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How the shining architectural optimism of the 1960s and 70s has ultimately produced buildings such as supermarkets, open-plan offices and other spaces of control
During the anxious early 1970s, when the west was spooked by the oil crisis and economic stagnation, by the first widespread fears for the environment and predictions of global overpopulation, a giddy alternative to it all began to seize the imaginations of some Americans: space colonies. “Large cylinders, potentially over a kilometre long,” Douglas Murphy writes in Last Futures, “would spin at a constant rate to recreate the effects of gravity … [and] would be partially glazed to allow for sunlight … while large shades and baffles would protect the inhabitants from glare and cosmic rays … with water features, trees, animals and people all sheltered within this artificial environment, and outside the blank vacuum of space”.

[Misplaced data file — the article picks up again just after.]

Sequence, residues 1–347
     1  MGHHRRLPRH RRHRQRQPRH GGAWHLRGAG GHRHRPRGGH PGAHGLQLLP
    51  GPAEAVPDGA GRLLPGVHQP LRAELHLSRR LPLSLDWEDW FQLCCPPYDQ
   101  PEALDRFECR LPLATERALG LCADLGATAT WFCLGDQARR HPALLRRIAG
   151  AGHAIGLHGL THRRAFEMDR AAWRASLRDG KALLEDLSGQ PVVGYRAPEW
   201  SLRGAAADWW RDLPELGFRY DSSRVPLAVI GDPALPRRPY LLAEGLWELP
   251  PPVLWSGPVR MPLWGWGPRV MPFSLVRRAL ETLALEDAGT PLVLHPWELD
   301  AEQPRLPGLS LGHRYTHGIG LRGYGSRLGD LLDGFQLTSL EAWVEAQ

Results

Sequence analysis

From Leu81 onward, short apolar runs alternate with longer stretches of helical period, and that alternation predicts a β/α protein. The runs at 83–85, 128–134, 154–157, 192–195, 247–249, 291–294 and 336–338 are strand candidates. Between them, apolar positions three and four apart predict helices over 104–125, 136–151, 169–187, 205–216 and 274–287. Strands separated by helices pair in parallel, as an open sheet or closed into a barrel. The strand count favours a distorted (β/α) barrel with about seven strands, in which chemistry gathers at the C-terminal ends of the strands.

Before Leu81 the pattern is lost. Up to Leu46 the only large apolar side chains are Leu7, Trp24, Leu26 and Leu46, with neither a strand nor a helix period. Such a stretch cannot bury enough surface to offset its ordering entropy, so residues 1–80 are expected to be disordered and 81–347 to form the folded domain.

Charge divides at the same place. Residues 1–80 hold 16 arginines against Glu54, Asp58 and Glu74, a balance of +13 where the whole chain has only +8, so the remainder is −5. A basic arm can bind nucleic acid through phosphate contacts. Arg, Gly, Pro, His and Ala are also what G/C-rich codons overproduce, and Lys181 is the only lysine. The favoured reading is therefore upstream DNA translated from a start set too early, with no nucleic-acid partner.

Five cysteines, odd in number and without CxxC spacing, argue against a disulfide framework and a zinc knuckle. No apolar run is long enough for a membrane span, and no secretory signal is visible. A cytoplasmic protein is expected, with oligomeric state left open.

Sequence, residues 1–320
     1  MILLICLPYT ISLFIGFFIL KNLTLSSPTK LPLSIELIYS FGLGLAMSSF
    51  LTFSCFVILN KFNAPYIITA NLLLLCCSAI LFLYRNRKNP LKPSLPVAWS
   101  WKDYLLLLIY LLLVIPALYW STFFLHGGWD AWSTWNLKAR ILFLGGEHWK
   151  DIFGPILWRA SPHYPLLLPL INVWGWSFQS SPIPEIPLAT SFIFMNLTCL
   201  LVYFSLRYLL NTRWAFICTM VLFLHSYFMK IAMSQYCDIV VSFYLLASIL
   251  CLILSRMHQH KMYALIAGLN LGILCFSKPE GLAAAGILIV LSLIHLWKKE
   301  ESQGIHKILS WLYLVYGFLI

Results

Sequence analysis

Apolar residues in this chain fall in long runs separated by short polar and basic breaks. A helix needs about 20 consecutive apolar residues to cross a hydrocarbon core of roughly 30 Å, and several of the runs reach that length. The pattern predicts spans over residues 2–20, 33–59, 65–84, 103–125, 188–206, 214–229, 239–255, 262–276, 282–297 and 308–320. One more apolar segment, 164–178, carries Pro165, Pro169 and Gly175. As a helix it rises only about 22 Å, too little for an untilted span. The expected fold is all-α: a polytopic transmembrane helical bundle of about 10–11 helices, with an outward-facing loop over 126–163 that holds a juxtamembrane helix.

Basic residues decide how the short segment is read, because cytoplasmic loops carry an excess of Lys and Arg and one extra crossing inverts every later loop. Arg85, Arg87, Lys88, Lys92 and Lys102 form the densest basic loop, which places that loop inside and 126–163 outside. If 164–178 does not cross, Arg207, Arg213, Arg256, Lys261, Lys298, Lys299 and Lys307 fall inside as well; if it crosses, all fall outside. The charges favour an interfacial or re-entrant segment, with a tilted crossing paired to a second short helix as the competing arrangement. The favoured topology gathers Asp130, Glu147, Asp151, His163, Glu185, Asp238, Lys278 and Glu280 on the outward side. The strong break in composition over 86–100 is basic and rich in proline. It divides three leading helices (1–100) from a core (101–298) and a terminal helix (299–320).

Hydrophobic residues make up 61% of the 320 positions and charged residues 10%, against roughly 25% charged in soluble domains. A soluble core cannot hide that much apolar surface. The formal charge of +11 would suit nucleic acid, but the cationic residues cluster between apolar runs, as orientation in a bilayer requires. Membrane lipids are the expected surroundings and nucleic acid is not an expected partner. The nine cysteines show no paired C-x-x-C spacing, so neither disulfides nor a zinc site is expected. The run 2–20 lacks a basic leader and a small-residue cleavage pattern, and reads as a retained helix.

For several years the space colony craze spread, from the most speculative edges of academia to the more intellectually active parts of the counterculture, to the American government itself. Murphy records that Gerard O’Neill, a Princeton University particle physicist and space colony advocate, “gave evidence to the US Senate on the prospect … and Nasa began to publicise the idea”. It was not until the late 70s that funding cuts ended this official interest, and condemned the artists’ impressions of space colonies produced by Nasa to be remembered, if at all, as science fiction kitsch. […]